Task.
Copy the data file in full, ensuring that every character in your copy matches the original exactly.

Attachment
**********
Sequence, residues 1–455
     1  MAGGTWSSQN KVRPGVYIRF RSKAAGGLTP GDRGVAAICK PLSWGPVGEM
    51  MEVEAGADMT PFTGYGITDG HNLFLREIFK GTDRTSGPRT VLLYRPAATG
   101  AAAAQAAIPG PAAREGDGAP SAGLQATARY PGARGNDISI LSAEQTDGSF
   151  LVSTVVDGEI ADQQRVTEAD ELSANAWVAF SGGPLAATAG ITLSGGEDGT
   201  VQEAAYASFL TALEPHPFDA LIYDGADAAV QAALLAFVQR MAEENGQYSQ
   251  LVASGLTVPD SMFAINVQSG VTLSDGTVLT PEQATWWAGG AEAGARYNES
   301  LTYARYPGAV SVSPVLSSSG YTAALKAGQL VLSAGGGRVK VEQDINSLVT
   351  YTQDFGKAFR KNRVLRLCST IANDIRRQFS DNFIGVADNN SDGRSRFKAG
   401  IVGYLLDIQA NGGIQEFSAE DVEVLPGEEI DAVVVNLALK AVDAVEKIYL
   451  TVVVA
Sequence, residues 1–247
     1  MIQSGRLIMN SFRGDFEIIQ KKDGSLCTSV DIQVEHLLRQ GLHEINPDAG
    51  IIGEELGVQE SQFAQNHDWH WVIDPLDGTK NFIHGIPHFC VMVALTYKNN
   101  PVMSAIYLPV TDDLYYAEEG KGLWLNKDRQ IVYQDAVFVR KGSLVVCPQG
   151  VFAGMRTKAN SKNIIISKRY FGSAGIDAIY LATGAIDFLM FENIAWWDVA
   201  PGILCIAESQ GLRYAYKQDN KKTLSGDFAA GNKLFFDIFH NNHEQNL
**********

Sequence, residues 1–455
     1  MAGGTWSSQN KVRPGVYIRF RSKAAGGLTP GDRGVAAICK PLSWGPVGEM
    51  MEVEAGADMT PFTGYGITDG HNLFLREIFK GTDRTSGPRT VLLYRPAATG
   101  AAAAQAAIPG PAAREGDGAP SAGLQATARY PGARGNDISI LSAEQTDGSF
   151  LVSTVVDGEI ADQQRVTEAD ELSANAWVAF SGGPLAATAG ITLSGGEDGT
   201  VQEAAYASFL TALEPHPFDA LIYDGADAAV QAALLAFVQR MAEENGQYSQ
   251  LVASGLTVPD SMFAINVQSG VTLSDGTVLT PEQATWWAGG AEAGARYNES
   301  LTYARYPGAV SVSPVLSSSG YTAALKAGQL VLSAGGGRVK VEQDINSLVT
   351  YTQDFGKAFR KNRVLRLCST IANDIRRQFS DNFIGVADNN SDGRSRFKAG
   401  IVGYLLDIQA NGGIQEFSAE DVEVLPGEEI DAVVVNLALK AVDAVEKIYL
   451  TVVVA
Sequence, residues 1–247
     1  MIQSGRLIMN SFRGDFEIIQ KKDGSLCTSV DIQVEHLLRQ GLHEINPDAG
    51  IIGEELGVQE SQFAQNHDWH WVIDPLDGTK NFIHGIPHFC VMVALTYKNN
   101  PVMSAIYLPV TDDLYYAEEG KGLWLNKDRQ IVYQDAVFVR KGSLVVCPQG
   151  VFAGMRTKAN SKNIIISKRY FGSAGIDAIY LATGAIDFLM FENIAWWDVA
   201  PGILCIAESQ GLRYAYKQDN KKTLSGDFAA GNKLFFDIFH NNHEQNL